DemDaily: Sessions Under Scrutiny

June 15, 2017

In the dramatic second act to the public testimony of former FBI Director James Comey last Thursday, Attorney General and former US Senator Jeff Sessions testified before his former colleagues in the United States Senate Monday.

Sessions' appearance before the Committee June 13th concerned his contact with Russian officials during the 2016 presidential campaign, and his involvement in Trump's firing of Comey.

The Timeline
2016 Election:  Then-US SenatorJeff Sessions serves as an early supporter, surrogate and strategic advisor of Donald Trump's presidential campaign.

November 18, 2016:  Trump nominates Sessions to be US Attorney General.

December, 2016:  The Central Intelligence Agency (CIA) concludes that Russia intervened in the 2016 election, followed by then-President Obama's order of a detailed review of the Russian cyber-attacks.


Attorney General Jeff Sesssions

January 6, 2017:  Seventeen US Intelligence Agencies release a de-classified version of their report concluding that the election was "hacked" by the Russians in an attempt "to harm Hillary Clinton's chances and promote Donald J. Trump."

February 9, 2017:  Sessions is sworn in as US Attorney General.

February 14, 2017The New York Times reports "members of Donald J. Trump's 2016 presidential campaign and other Trump associates had repeated contacts with senior Russian intelligence officials" during the election.

March 1, 2017The Washington Post reports Sessions met twice with Russian Ambassador Sergey Kislyak during the 2016 presidential. Kislyak is considered by US intelligence to be one of Russia's top spies and spy-recruiters in Washington.

March 2, 2017Sessions recuses himself from involvement in the FBI's probe into Russia/Trump.  The move reportedly infuriated Trump, but he declined to accept Sessions' offer to resign at the time.


Trump Interview with Lester Holt

May 9, 2017:  Trump fires Comey, who is leading the FBI probe. The White House states that the firing came at the recommendation of Attorney General Sessions and Deputy Attorney General Rod Rosenstein, for Comey's "mishandling" of the 2016 investigation into former Secretary of State Hillary Clinton's use of a private email server.

Turning Point

May 11, 2017: In an interview with NBC's Lester Holt, President Trump contradicts the White House official narrative on the Comey firing, volunteering to Holt that he had already decided to fire Comey before the DOJ's recommendation because of "the Russia thing."

As a target of the probe, Trump's admitted intervention in the Russia investigation sets off a public firestorm - and raises questions about whether Attorney General Sessions violated the terms of his recusal in making the recommendation to fire Comey.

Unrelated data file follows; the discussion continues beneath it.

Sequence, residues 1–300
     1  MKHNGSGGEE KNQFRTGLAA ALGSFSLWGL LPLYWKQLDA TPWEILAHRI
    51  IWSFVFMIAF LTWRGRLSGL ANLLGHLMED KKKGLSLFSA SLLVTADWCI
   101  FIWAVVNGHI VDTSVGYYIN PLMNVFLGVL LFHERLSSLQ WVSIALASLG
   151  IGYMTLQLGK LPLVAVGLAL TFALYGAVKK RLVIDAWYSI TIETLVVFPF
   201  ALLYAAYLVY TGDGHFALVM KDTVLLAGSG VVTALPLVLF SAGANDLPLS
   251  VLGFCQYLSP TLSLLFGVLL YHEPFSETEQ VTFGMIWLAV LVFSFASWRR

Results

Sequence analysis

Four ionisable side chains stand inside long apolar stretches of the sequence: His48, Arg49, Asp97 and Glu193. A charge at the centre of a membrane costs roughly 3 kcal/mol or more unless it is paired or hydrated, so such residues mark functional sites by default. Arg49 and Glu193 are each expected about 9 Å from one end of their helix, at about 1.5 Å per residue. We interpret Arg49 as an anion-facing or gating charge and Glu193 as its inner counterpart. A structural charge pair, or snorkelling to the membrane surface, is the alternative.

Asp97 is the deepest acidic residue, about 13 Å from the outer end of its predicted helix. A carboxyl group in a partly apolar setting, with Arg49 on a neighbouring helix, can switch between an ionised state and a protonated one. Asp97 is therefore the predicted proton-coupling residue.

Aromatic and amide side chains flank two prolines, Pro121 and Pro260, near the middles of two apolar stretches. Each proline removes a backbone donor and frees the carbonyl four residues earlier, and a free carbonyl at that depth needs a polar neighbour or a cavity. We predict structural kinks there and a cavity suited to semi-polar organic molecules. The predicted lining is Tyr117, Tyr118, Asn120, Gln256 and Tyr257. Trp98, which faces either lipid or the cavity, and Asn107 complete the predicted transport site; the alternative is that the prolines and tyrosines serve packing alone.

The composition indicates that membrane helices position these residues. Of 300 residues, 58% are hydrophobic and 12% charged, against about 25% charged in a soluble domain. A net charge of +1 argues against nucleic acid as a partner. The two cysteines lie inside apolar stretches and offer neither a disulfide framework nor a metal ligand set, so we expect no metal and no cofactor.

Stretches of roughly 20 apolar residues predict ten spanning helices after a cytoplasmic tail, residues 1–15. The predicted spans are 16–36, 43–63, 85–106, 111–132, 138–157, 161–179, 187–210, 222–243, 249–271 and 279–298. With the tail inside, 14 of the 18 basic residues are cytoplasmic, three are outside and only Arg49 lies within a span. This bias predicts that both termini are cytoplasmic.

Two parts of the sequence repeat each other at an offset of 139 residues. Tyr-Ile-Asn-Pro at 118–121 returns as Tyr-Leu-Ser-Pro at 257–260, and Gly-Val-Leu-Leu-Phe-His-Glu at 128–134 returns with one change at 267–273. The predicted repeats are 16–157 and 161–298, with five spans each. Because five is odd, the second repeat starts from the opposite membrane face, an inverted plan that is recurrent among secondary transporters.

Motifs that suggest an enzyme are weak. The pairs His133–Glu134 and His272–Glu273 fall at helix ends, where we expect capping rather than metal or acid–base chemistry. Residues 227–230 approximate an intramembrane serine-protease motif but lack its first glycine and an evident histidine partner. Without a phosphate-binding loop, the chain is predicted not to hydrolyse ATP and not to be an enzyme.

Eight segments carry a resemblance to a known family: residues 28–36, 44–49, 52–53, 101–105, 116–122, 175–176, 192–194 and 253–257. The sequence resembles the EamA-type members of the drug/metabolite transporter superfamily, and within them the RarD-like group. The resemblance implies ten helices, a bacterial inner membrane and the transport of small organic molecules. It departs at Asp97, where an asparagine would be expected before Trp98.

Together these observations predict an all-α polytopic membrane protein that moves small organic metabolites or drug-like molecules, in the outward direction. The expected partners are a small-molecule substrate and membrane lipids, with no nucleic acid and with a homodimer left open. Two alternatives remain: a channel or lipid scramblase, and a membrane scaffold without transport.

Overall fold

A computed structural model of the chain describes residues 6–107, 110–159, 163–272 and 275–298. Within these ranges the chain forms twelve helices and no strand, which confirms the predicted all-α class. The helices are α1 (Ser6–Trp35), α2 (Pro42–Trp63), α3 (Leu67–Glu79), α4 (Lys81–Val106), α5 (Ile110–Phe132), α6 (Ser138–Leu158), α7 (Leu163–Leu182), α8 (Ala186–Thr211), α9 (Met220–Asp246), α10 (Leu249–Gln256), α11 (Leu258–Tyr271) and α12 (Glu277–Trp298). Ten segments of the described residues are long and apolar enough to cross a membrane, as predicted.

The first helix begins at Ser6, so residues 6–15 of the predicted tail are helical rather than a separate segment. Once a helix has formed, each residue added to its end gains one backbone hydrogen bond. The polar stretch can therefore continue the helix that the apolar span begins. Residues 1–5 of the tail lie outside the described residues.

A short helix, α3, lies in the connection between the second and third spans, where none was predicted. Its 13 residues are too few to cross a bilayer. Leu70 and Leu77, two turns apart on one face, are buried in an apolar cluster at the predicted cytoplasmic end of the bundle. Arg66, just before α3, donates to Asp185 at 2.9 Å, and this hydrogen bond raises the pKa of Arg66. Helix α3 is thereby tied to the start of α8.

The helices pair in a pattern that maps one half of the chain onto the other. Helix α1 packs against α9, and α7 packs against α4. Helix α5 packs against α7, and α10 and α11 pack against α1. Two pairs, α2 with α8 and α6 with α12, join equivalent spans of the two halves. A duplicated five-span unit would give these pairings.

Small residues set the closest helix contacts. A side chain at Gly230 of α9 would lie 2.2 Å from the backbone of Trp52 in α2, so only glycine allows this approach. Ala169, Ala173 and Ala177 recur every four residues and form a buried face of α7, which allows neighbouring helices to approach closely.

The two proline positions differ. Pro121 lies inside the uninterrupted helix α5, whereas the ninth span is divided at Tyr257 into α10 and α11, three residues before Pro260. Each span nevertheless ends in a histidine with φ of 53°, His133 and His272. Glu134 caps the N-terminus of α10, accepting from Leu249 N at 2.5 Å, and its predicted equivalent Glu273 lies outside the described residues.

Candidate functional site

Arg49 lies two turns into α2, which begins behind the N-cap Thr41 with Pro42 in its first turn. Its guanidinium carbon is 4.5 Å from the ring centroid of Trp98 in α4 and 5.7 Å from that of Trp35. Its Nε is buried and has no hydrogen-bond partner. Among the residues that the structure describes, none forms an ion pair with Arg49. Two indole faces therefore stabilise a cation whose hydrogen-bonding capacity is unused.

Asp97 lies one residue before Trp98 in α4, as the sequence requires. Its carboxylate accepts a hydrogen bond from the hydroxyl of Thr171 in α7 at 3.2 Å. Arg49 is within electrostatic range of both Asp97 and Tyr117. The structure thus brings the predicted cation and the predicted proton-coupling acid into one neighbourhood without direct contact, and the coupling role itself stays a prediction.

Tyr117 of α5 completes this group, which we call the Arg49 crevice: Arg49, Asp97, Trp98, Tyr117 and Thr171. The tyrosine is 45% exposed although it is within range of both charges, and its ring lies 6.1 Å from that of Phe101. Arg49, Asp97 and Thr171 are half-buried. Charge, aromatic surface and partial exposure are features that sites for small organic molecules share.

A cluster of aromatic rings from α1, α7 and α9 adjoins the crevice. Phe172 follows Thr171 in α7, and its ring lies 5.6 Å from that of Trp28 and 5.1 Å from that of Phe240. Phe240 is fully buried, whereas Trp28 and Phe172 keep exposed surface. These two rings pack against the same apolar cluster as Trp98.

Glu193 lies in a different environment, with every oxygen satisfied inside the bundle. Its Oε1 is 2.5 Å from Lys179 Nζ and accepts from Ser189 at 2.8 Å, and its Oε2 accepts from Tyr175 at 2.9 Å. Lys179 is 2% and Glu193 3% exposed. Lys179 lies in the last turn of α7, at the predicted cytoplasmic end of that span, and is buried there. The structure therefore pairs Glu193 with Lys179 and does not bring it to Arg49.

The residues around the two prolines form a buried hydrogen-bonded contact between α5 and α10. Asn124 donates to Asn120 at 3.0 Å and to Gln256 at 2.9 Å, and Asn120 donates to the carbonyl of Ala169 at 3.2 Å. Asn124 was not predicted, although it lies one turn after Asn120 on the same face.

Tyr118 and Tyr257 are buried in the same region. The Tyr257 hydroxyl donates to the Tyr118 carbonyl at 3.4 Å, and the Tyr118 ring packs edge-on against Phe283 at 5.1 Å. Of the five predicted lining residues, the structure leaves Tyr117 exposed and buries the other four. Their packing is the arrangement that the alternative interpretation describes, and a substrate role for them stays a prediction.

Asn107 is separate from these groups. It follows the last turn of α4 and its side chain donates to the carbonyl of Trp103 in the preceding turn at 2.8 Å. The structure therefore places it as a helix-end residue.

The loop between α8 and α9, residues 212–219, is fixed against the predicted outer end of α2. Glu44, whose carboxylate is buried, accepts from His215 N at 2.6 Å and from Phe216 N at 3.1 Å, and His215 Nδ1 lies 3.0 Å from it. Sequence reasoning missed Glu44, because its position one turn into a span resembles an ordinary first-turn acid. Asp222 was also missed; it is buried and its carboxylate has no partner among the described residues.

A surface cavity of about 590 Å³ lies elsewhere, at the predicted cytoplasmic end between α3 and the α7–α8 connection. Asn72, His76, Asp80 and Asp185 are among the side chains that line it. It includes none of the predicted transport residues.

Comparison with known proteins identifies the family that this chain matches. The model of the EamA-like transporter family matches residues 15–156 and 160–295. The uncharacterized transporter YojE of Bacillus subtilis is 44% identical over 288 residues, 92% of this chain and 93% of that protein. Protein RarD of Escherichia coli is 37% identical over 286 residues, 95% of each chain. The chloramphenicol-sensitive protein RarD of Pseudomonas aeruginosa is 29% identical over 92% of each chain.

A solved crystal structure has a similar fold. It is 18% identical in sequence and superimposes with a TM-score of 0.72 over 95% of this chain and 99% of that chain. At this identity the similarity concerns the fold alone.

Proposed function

"Recommending Director Comey's firing would seem to be a violation of his recusal, and Attorney General Sessions needs to answer for that."  -- Senate Minority Leader Charles Schumer (D-NY)

The New York Times reports that Trump asked for Comey's "loyalty" in a private meeting January 27th.

May 16, 2017: The New York Times reports that, on February 14th, Trump called Comey to the White House for a dinner meeting, and asked him to drop the Flynn investigation. Comey later reveals that prior to the meeting, Trump insisted that Sessions leave the room.


Senate Committee Ranking Chair Mark Warner (D-VA), Chair Richard Burr (R-NC)

May 17, 2017Special Counsel Appointed. Deputy Attorney General Rod Rosenstein appoints former FBI Director Robert Mueller as Special Counsel to oversee the Russia/Trump investigation.

June 8, 2017: Comey testifies before the Senate Intelligence Committee. In his testimony, Comey makes it clear that there is more to be revealed about the ties of Trump's "associates" to the Russia probe, including Attorney General Jeff Sessions.

On Sessions' involvement, Comey states, "If, as the president said, I was fired because of the Russia investigation, why was the attorney general involved in that chain? I don't know, and so I don't have an answer for the question."

June 13, 2017: Sessions testifies before the Senate Intelligence Committee, the first time a US Attorney General has testified in a matter in which he has recused himself.

"The suggestion that I participated in ... or was aware of any collusion with the Russian government to hurt this country, which I have served with honor for over 35 years, ... is an appalling and detestable lie."    -- Attorney General Jeff Sessions

The Highlights


Special Counsel Robert Mueller

Sessions confirmed Comey's testimony about his reaction to Trump's attempts to interfere in the Russia investigation, and that he left Comey and Trump alone, at the President's request, at the February 14th meeting when Trump asked Comey to drop the Flynn investigation.

Sessions refused to discuss private conversations he has held with President Trump, and whether Trump brought up Russia when they discussed Comey's firing.

Sessions denied discussing Russia's interference in our elections during two previous meetings with the Russian Ambassador, and denied meeting privately with the Amabassador at a reported third meeting at the Mayflower Hotel.

Of the three ongoing, Russia/Trump investigations in the Senate, the House and the Department of Justice, only the DOJ's Special Counsel can bring criminal charges.

Yesterday, June 14th, The Washington Post reported that Special Counsel Robert Mueller is investigating charges of obstruction against President Trump.

DemDaily: Comey Commands Center StageTranscript of Sessions' Testimony

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Sources: The Washington Post, New York Times, CNN,

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